Can the US government jail immigrants indefinitely if their native countries refuse to take them back? That's the question being raised by a series of legal challenges to a controversial immigration law.
And the challenges are raising even deeper questions, some legal analysts say, about fundamental fairness and whether America is moving toward becoming a nation of liberty and justice for citizens only.
At issue is a 1996 amendment to US immigration law, requiring that any immigrants convicted of certain criminal offenses be subject to mandatory detention and deportation with no possibility of bail in the interim. In effect, they are hauled back into custody even if they have already served their entire sentences.
And in cases where the country of origin refuses to repatriate the convicted immigrant, the detention can stretch on for years - and in theory could amount to a de facto life sentence if no accepting country can be located.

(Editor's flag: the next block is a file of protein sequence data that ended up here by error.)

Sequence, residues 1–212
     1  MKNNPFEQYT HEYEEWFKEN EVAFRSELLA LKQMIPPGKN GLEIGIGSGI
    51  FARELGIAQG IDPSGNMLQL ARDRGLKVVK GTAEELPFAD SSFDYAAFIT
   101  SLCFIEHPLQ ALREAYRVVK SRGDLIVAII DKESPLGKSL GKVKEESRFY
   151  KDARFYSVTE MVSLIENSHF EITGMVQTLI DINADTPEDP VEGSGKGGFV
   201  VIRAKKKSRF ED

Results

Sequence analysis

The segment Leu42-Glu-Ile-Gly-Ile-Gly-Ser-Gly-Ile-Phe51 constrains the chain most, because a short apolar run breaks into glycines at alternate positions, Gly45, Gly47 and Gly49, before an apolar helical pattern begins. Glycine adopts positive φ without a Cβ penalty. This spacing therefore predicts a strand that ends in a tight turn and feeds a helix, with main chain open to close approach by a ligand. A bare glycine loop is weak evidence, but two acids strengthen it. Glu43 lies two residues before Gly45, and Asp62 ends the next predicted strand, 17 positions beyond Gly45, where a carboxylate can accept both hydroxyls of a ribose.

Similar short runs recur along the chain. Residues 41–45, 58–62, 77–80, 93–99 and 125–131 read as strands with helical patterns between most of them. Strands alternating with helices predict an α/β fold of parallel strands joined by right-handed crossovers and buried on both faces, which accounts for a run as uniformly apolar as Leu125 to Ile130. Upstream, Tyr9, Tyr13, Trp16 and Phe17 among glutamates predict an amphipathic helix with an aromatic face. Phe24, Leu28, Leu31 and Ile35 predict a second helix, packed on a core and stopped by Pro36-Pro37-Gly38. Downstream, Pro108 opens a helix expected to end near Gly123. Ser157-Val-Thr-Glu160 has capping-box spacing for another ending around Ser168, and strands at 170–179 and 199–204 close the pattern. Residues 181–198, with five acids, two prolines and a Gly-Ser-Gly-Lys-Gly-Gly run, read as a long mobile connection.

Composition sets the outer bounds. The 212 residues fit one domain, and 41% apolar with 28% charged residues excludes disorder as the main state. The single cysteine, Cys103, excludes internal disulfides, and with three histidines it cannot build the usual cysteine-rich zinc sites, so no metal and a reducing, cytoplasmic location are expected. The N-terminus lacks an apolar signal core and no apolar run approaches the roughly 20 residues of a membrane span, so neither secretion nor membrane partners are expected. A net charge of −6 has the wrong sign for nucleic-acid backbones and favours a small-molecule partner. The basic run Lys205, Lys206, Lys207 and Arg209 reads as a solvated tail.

"You have individuals who are spending years in INS [Immigration and Naturalization Service] detention beyond what they served for their crimes," says Judy Rabinovitz of the American Civil Liberties Union's Immigrants Rights Project in New York. "In some cases they are serving longer periods in INS detention than they did for their crimes."
Congress passed the 1996 law in part in response to concerns about immigrants coming to the US and engaging in criminal enterprises. The law makes clear that any immigrant convicted of an aggravated felony must be deported. Deportation applies to every immigrant convict, including some who have spent most of their lives in the US, spouses married to US citizens, and parents with children who are US citizens.